“lonetransparency.blogspot.” I googled this and ended up on Pinterest. Want a pair of transparent socks? Or a shot glass shaped like a cowboy boot? That’s what I found there.

“cornish story book with work camp.” Googling this brought up a bunch of storybook links, including one featuring the Famous Five—a series of British kids’ book that includes the worst line of dialogue ever written: “Woof woof,” said Timmy.

Timmy, in case you’re worried, is a dog.

I know, if you’re British and over I’m not sure what age, you probably have a warm spot in your heart for the Famous Five books, and I don’t want to be either culturally insensitive or just plain snotty, but they’re really, truly, completely awful. “ ‘Woof woof,’ said Timmy”? Come on.

“shiner book uk.” I have no idea what this means. Neither does Google, which asked if I wanted shiner bock. Oddly enough, another question was about “shiner bock uk.” Which seems to be a beer, although Google also offered me stain removing powder.

Strange searches that almost make sense

Someone typed in, “improving myself and the lord’s house.” If this turned up on a religious bloggers site, it would make sense. Here, though? I don’t do religion. I don’t do self-improvement. I don’t mind if other people do as long as they don’t get all evangelical on me. I can only assume that the search engines are developing a sense of humor.

One person typed, “remembering latin grammar.” I never knew any Latin grammar to remember or forget but may have used the phrase Latin grammar in writing about a few absurdities that have been imposed on English because they echo Latin grammar.

Damn. I’ve used the phrase again, increasing the chances of muddying some poor soul’s search for information about Latin grammar. Whoever you are, I apologize.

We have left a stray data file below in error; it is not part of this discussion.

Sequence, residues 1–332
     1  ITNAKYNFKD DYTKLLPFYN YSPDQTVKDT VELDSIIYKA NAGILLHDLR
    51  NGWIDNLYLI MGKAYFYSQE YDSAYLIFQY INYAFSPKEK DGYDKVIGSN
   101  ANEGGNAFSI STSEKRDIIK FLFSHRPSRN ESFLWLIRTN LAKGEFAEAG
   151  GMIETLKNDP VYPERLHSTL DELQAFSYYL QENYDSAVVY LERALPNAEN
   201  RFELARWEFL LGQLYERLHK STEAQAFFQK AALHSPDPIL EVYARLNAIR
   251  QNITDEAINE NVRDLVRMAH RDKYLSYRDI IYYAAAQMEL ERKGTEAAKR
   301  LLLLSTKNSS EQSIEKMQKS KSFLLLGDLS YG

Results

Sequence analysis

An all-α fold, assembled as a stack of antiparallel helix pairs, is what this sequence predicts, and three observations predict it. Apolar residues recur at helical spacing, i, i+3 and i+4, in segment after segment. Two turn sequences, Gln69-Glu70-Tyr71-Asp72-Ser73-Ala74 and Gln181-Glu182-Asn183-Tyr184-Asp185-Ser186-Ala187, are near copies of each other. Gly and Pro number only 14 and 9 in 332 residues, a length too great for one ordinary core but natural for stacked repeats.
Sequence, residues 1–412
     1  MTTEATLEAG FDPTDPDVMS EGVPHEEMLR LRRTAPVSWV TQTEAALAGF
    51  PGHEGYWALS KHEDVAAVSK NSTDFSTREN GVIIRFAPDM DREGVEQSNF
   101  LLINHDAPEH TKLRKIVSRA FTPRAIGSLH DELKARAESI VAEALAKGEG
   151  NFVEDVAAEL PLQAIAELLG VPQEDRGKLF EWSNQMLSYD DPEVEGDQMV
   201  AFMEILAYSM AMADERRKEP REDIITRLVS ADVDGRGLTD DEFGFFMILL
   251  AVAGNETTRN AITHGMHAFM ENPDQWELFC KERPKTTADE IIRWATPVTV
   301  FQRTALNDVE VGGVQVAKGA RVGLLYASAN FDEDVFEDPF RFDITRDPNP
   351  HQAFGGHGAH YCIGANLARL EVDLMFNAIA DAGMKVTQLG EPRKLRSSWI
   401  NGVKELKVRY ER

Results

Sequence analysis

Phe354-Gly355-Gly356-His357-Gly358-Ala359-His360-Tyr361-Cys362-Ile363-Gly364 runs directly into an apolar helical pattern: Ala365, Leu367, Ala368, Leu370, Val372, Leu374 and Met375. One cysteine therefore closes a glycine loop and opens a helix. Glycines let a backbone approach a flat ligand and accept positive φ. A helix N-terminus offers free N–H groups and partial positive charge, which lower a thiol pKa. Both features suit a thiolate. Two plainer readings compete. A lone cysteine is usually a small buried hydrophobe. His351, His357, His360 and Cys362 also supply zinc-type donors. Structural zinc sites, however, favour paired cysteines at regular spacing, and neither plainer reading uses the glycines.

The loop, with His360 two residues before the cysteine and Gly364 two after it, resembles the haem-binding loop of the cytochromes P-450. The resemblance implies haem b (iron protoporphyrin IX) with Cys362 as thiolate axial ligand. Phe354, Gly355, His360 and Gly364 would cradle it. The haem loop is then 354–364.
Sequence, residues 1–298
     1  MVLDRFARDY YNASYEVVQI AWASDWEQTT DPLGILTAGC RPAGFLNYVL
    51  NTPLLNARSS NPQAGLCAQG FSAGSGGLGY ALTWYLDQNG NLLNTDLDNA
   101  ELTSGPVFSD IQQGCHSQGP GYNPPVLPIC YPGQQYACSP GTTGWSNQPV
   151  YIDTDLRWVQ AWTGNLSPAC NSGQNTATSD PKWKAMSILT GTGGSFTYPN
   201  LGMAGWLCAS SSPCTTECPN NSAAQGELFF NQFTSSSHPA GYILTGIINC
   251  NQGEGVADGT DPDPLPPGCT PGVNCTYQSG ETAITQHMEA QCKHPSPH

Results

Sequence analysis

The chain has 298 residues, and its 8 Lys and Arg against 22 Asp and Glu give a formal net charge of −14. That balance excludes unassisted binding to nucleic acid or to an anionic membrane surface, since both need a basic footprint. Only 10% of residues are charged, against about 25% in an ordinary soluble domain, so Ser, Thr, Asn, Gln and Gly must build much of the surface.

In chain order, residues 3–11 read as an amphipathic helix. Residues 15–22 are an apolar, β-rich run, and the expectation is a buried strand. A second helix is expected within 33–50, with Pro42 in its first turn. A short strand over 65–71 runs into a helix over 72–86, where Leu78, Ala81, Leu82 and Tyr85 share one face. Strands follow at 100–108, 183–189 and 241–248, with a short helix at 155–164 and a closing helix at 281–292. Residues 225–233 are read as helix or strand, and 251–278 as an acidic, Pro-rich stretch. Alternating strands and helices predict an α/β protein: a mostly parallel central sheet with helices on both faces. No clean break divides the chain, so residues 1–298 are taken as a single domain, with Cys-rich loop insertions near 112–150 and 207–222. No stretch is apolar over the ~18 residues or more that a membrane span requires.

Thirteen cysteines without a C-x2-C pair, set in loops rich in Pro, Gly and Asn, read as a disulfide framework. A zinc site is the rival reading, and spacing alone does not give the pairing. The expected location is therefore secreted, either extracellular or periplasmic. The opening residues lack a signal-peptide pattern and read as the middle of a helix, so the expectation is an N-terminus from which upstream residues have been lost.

Someone else was looking for “notes from the avon and somerset police.” Sigh. If you need a matchmaker, don’t use a search engine. I did mention the Avon and Somerset police. My blog title uses the phrase notes from. Put the two together and you have something other than what the person was looking for.

And finally, “strunk and white lawnmowers.” Bizarrely enough, I know exactly what this one’s about. It has to do with the distinction (in American but not British English) between that and which, which (not that) the grammar reference by Strunk and White illustrates with a couple of sentences about lawnmowers.

How strange is it that someone with a lousy memory can pull that out of the murky depths, without having to look it up? I didn’t remember writing about it, but I did, and if you want to find it, it’s here.

77 thoughts on “How people find a blog, part 4(ish)

  1. Well now you’re sure to become the go to source for Strunk and White lawnmower questions. You were already at the top of my list for Boaty McBoatface questions. I actually had one (in person) and I referred them to your blog. Unlike Google, I don’t track the results. I just watched an episode of “How it’s Made” (Science Channel, added for credibility) where they talked about Cornish Pasties. I assume that’s a thing near you? Thanks for another enjoyable post.

    Liked by 2 people

  2. All I can say is, I’m not British but I have a vague memory of loving the Famous Five books – I remember reading them with a flashlight under the covers, so I must have been about 7, so an unmentionable number of years ago. I hope my taste has improved since then.

    Liked by 2 people

    • I’m 600% sure it has. As for me, I almost liked the Dick and Jane readers, which were unbelievably awful. (See Dick run. Run, Dick, run.) I think what I liked was that I could read them, but still, how embarrassing.

      Liked by 1 person